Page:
Africa’s first female astronaut urges adoption of space technologies
Africa’s first woman in space is calling for regional and global efforts to enable more Africans to participate in space exploration.
Sara Sabry, Egyptian astronaut and founder of the Deep Space Initiative, pleaded with leaders to push the adoption of space technologies last week, saying this advances socio-economic transformation.
Sabry spoke during a panel on re-imagining Africa's future at the Africa50 Infra Forum in Togo’s capital Lomé.
She said: “It is important for Africa to sit at the table and be involved in space exploration. The demographic in space must reflect that of people on Earth.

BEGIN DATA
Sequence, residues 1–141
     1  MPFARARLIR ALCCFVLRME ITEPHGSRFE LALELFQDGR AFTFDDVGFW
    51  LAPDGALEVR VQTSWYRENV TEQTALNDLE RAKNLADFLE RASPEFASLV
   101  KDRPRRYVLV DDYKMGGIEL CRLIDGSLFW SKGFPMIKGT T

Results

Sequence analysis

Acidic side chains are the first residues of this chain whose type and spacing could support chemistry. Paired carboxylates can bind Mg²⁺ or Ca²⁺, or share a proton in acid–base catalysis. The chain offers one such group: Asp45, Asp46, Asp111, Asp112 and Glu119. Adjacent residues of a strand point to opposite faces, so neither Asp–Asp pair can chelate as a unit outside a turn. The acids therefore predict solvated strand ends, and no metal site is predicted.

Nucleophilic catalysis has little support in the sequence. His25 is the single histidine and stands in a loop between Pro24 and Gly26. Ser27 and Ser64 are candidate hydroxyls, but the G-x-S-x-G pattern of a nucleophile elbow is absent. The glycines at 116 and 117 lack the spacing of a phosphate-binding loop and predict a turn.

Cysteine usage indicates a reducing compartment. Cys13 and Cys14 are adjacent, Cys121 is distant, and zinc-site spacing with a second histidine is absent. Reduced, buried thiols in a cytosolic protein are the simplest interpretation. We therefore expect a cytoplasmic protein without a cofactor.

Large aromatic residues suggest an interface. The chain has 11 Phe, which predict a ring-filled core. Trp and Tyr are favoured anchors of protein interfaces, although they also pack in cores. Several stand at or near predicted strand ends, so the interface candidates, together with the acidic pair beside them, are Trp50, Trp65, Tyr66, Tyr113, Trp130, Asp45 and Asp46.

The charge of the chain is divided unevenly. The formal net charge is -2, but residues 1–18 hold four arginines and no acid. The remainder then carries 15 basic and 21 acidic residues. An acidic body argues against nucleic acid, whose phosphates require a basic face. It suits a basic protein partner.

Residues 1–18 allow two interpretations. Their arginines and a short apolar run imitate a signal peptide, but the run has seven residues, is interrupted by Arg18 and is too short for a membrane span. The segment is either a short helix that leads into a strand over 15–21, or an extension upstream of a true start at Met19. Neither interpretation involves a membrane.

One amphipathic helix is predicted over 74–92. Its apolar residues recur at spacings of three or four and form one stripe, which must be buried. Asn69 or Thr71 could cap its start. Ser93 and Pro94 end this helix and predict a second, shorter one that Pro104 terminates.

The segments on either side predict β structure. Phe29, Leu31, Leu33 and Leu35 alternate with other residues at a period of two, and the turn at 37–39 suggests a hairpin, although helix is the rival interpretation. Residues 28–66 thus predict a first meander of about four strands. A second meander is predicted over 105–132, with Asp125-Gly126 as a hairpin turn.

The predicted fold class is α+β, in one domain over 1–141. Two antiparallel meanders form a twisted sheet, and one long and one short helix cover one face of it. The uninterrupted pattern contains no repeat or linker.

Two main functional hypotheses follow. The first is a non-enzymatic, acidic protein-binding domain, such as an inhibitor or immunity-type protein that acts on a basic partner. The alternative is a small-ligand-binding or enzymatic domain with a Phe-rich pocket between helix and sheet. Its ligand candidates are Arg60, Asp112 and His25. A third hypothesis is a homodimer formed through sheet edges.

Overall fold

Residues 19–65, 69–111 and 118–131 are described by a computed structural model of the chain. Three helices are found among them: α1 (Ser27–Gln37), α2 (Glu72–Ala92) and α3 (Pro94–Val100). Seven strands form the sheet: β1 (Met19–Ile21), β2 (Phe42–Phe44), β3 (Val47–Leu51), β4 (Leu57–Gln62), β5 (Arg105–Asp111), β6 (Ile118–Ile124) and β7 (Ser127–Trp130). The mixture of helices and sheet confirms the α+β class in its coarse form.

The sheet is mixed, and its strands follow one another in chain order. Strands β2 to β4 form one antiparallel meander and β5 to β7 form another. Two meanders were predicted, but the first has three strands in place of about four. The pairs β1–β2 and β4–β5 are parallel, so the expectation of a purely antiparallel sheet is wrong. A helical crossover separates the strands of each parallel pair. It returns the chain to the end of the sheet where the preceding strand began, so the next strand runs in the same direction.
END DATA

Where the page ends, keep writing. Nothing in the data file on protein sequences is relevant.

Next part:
"I don't think space should be such an exclusive club. To be the first at something is to kick down the door for others to follow."
Engineer Sabry became the first female African to head into space last year, courtesy of Jeff Bezos’ Blue Origin.
At the event in Lomé, she said: "It is important for Africa to build its capacity in space technology and gain its control.”
Experts believe satellite technology can have a positive impact on rapidly developing African countries by advancing weather forecasting, agriculture, navigation, and even banking and online education.
The use of space technologies is under the spotlight as policymakers, regulators, and the telecommunications industry agree that technology can be the catalyst to drive the developmental agenda.
Speaking at the event, Dr Akinwumi Adesina, president of the African Development Bank Group, said: "As a young African scientist, you give hope that young people can be in space despite the odds. It is often said that women can do what men can do, but I can say that women can do better than men."